KANSAS CITY, Mo. — Doctors used Wednesday morning's University of Kansas Health System daily coronavirus call to make an admission: staff are tired.
Doctors agreed that the constant uncertainty of not knowing what the next day of the pandemic will hold is draining.
"We're back to where it's in crisis mode," Dr. Lewis Satterwhite, a doctor in the Pulmonary and Critical Care Division of Internal Medicine, said. "I'm having multiple meetings every day with our nursing leadership about, well, if we get one patient in the next hour, where's that patient go? What if, what if we get seven overnight, where are we going to go? Which patients are we going to move? And just the grind, not only taking care of the patients... but trying to understand what's going to happen in the next hour, six hours, 12 hours, one week, can be exhausting. It's exhausting."
Satterwhite works in the medical ICU and explained that even though there are currently fewer COVID-19 cases in the area than there were in December or January, the number of critically ill patients in the hospital is higher.
"...there are a lot of obvious differences between the alpha variant and the delta variant as it impacts individual patients," he explained. "Patients manifest disease in different ways, but broadly speaking, it's almost the transmissibility is different."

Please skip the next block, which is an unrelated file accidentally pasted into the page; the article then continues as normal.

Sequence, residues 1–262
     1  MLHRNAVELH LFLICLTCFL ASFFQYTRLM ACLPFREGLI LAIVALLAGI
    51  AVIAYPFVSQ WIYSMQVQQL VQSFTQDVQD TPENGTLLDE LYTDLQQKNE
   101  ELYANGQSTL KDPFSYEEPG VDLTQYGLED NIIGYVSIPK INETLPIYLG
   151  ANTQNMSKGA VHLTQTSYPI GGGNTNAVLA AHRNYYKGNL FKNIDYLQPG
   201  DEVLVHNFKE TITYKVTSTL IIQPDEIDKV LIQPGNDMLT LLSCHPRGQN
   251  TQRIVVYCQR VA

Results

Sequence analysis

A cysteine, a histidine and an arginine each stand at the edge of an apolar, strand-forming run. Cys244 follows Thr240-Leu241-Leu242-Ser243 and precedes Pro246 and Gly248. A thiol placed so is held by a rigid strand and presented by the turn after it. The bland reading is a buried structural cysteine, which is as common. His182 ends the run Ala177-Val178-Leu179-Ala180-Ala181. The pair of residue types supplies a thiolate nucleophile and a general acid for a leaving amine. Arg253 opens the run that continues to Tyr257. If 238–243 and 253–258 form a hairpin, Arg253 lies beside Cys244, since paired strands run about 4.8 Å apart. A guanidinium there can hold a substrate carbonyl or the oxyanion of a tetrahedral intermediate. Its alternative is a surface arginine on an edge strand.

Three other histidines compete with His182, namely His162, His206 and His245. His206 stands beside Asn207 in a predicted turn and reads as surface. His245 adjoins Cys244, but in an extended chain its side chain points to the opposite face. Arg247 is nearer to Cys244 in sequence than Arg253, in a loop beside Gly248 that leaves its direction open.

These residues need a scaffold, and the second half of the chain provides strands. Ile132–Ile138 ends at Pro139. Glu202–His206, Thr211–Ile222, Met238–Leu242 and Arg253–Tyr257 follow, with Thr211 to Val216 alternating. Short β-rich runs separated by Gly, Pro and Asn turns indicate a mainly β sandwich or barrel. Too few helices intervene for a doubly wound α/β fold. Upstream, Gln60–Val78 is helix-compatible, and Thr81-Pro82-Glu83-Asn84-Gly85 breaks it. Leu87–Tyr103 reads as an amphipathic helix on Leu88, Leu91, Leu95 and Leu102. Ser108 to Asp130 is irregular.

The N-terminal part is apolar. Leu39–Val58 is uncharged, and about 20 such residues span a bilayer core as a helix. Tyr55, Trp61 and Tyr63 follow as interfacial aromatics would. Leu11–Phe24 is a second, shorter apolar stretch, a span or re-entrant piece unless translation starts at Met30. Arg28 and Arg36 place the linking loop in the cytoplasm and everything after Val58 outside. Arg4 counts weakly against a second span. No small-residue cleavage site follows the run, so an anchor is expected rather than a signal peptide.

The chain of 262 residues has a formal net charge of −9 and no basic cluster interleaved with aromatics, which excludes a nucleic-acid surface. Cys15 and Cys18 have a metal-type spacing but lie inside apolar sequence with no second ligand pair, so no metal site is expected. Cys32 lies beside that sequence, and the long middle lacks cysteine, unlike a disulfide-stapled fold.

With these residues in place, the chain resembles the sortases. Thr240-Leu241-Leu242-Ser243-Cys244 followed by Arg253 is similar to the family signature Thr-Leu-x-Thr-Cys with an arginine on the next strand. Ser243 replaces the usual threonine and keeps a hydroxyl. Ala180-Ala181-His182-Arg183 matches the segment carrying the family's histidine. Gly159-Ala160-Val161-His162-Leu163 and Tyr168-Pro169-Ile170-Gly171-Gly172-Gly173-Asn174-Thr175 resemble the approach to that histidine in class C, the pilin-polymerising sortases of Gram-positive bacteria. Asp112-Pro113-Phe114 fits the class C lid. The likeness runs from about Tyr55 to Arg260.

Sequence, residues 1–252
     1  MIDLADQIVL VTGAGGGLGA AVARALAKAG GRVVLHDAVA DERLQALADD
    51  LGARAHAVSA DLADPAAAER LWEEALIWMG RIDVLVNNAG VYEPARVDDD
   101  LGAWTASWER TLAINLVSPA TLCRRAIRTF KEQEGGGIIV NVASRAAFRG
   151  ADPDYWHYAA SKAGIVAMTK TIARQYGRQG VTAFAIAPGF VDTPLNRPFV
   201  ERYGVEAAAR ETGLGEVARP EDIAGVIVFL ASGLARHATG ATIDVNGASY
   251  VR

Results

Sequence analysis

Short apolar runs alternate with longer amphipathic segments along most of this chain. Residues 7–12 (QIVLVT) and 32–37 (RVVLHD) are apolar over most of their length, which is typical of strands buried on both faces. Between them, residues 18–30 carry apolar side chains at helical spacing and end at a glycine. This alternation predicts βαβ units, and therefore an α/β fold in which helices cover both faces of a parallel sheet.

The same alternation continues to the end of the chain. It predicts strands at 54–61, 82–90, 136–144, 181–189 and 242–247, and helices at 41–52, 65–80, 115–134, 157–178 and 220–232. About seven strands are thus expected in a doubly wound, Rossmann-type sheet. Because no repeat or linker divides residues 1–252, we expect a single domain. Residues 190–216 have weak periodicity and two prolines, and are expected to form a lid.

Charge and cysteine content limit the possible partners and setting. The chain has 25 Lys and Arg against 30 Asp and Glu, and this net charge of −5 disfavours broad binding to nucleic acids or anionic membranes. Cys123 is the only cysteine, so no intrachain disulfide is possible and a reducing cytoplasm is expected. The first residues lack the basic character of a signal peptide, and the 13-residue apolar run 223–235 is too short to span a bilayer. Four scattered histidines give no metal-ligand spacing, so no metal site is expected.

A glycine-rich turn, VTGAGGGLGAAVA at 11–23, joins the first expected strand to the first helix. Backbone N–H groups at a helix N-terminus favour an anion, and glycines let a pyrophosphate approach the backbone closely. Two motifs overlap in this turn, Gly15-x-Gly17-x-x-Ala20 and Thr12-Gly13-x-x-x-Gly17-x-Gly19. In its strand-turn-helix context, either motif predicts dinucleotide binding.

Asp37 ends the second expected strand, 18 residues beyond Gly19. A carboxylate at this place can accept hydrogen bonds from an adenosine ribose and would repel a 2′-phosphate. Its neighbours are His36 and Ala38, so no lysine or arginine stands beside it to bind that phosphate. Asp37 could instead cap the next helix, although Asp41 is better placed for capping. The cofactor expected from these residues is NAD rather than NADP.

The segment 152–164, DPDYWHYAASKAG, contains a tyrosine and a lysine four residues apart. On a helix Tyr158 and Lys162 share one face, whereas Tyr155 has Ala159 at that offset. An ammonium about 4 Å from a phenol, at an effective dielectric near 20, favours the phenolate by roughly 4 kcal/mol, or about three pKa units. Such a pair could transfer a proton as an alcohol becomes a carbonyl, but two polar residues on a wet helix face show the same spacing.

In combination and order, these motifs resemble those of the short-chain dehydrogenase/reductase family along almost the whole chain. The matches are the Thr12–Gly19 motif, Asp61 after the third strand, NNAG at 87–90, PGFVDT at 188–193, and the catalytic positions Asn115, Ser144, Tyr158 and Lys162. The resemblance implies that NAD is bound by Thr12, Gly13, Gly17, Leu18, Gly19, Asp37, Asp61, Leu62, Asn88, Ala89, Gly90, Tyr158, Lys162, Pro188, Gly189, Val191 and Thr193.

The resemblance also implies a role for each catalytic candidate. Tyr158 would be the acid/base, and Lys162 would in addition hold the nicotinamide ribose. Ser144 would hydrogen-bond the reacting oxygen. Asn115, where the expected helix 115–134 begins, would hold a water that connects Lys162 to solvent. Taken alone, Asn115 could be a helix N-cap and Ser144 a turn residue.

On top of the high number of critically ill COVID-19 patients, doctors are still taking care of critically ill patients from other areas.
"I work in a medical ICU, but you know, we have colleagues that work in ICU across all forms of health care, and they're all busy," Satterwhite said. "we're busy with all of our cardiac cases, and our neurology cases, and all of our cancer cases and transplant cases, and everything and anything is busy, and really high acuity people are or that we're taking care of, are really very sick - and many, many of them."
The critical care doctor explained some of the influx in general critical care patients could be from people who deferred health care earlier in the pandemic.
"We can only defer care so much. We're very busy with all of health care outside of COVID and you add in a significant COVID burden on top of that, and that really stresses the system," Satterwhite said. "I think we're responding to it very nicely, but it stresses the system."
"I think we're all tired," Chief Medical Officer Dr. Steven Stites added.
And it's not just local hospital workers feeling the strain.
Dr. Catherine Satterwhite is a regional health administrator.
"I work with a lot of state and local public health leaders in addition to my federal partners, and I'm not gonna lie, and we're tired," she said. "We're tired, but we're also committed... So yes, it hurts, but we also, we remain committed."